Newsroom

Connect with us to receive information on courses, news and events. Privacy Policy.

"Diversity is the hallmark of an outstanding university experience."

Deakin Law School (DLS) Associate Professor Cindy Davids is embarking on an important research project focusing on bribery and corruption.

Her prime motivation is to examine what small to medium sized companies do in relation to facilitation payments in a number of African countries.

The research has already been deemed as being of great value to the Australian Government, which is contemplating a ban on facilitation payments, but currently has little knowledge about the actual, incidence, circumstance, size and scope of these practices.

The project will be conducted with in-kind assistance from the Australian African Mining and Energy Group (AAMEG).

‘This is not common in law research, but I love it. I feel it is extremely important to develop collaborative projects and have an influence on public policy, however humble my particular contribution might be,' she says.

Assoc. Prof. Davids has built a lengthy and interesting career in academia, showcasing an impressive body of research in the area of criminal law.

Working at DLS since 2010, she has been able to develop her interests in policing issues and has collaborated with a number of Australian Government police and public sector agencies.

In the past, while working with Victoria Police, she also examined 10 years of internal investigation files around mapping issues of conflict of interest in policing. This led to a project with the Victorian Ombudsman’s Office examining the way in which conflict of interest complaints played out in the Victorian public sector, resulting in a report to Parliament with a number of recommendations.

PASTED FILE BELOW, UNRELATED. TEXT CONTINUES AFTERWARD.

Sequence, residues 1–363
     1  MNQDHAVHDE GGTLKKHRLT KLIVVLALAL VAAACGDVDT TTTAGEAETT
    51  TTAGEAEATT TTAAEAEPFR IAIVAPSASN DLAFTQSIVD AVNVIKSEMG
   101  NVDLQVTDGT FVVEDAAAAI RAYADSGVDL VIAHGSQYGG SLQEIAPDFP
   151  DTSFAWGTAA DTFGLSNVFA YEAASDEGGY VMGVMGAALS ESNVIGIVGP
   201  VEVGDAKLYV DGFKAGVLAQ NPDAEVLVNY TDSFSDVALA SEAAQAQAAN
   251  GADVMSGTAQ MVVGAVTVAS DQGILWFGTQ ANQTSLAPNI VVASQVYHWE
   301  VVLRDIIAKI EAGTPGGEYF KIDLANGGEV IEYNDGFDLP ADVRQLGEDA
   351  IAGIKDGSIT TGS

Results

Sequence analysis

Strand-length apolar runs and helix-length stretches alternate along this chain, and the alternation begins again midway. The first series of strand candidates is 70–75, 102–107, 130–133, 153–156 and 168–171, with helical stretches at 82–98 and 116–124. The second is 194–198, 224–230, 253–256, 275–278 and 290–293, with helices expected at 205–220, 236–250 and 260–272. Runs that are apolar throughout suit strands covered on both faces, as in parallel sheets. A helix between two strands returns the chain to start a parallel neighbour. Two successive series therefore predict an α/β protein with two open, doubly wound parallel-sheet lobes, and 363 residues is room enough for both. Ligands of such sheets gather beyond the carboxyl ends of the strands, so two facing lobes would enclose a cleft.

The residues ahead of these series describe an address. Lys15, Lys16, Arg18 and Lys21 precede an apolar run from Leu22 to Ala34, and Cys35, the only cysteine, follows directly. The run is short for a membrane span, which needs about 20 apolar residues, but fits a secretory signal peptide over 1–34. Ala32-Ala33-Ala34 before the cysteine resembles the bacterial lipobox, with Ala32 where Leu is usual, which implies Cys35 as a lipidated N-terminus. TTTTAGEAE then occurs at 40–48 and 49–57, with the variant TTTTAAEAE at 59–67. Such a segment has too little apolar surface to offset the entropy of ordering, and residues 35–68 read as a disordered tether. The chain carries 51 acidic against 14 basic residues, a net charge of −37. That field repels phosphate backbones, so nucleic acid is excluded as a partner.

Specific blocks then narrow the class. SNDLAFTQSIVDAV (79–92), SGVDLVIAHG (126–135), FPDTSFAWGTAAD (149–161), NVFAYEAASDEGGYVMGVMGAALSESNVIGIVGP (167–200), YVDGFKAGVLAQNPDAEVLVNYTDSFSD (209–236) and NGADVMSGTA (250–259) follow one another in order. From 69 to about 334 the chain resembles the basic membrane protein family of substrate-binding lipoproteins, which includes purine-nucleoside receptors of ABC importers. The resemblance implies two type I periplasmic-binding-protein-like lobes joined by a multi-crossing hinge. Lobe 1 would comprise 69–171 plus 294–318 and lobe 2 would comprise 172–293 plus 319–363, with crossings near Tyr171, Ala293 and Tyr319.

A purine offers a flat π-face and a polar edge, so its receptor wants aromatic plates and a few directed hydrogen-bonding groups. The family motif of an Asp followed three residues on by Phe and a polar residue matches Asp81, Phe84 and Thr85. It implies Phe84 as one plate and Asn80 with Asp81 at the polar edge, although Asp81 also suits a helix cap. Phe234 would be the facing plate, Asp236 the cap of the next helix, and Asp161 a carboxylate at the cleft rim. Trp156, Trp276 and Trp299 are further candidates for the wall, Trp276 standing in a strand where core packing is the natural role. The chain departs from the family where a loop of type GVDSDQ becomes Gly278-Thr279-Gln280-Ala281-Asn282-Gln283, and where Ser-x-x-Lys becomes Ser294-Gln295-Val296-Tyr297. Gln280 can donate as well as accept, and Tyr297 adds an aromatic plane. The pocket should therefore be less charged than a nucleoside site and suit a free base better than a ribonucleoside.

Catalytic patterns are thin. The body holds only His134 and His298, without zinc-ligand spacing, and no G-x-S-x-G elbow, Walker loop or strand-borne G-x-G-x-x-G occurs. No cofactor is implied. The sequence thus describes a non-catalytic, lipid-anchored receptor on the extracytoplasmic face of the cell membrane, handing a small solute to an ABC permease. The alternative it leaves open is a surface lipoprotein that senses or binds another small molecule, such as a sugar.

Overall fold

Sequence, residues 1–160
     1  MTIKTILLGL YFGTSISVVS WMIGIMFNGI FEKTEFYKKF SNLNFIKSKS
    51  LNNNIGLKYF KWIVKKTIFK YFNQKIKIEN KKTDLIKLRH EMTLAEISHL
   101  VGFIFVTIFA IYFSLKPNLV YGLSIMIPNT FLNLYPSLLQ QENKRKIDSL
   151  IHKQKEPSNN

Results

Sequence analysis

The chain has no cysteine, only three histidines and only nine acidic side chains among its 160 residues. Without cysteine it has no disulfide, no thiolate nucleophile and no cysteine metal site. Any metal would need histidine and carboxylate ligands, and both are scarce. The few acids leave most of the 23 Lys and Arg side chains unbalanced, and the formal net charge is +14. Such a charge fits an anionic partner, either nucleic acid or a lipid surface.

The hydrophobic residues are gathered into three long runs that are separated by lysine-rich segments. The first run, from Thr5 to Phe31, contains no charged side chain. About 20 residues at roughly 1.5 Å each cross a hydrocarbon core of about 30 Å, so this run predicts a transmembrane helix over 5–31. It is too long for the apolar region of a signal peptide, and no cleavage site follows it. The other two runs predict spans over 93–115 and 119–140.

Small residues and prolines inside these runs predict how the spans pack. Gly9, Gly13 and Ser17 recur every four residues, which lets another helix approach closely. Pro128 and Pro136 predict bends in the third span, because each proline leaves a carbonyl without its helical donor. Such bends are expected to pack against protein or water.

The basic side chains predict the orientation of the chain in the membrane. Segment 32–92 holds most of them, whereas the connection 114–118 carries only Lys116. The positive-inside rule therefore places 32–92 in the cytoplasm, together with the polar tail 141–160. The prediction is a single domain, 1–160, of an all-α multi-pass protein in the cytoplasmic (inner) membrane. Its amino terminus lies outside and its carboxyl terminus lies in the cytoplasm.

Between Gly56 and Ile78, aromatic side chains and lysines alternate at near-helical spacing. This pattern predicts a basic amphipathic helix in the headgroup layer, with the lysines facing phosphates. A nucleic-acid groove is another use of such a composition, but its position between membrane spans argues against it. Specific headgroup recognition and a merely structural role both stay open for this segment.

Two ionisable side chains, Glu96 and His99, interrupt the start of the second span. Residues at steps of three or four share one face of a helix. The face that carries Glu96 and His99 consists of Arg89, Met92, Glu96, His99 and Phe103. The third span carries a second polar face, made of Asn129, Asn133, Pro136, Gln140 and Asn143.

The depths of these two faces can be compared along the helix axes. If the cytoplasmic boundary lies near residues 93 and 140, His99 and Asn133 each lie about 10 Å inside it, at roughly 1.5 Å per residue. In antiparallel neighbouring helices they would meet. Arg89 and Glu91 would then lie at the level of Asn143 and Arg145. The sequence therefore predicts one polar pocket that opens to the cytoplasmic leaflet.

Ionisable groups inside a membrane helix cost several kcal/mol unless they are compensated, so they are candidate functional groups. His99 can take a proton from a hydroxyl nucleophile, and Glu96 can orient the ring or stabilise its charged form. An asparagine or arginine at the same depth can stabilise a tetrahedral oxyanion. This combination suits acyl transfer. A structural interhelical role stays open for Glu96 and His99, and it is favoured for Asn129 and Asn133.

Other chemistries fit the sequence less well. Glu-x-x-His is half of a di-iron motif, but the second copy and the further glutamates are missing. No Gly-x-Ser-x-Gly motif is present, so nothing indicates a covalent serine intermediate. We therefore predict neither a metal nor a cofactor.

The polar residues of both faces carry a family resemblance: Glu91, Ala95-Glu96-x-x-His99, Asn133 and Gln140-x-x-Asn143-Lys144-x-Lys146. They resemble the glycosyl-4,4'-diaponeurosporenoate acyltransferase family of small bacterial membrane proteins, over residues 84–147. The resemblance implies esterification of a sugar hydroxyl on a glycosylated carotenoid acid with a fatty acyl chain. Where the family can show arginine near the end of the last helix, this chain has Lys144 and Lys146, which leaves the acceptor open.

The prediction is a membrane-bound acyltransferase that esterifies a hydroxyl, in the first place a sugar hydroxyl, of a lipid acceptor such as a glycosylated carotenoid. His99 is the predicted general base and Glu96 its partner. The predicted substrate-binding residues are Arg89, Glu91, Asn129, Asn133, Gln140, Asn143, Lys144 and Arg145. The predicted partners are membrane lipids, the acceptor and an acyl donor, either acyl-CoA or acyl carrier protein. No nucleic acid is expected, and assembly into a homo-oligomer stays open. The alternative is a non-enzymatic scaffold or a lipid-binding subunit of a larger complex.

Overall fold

She also spent time in the Solomon Islands working collaboratively with the Australian Federal Police looking at issues of ethical policing in the Pacific in countries with a recent history of internal conflict and tension.

Assoc. Prof Davids' current role as Director of International at DLS, means she works on the promotion of diversity and global awareness as an important aspect of a law degree.

‘Diversity is the hallmark of an outstanding university experience in an age where the global economy requires an international outlook unconstrained by domestic borders,’ she says.

‘Students can benefit enormously from incorporating an international study experience into their degree.’

One of the highlights of her 25 years as a university educator was the DLS USA Criminal Justice Study Program, conducted earlier this year. Participants agreed it was a valuable learning enhancement that exceeded their expectations.

She hopes that new courses, such as the Master of Laws program (due to commence in Trimester 2) will continue to add to the diversity of the current law school cohort.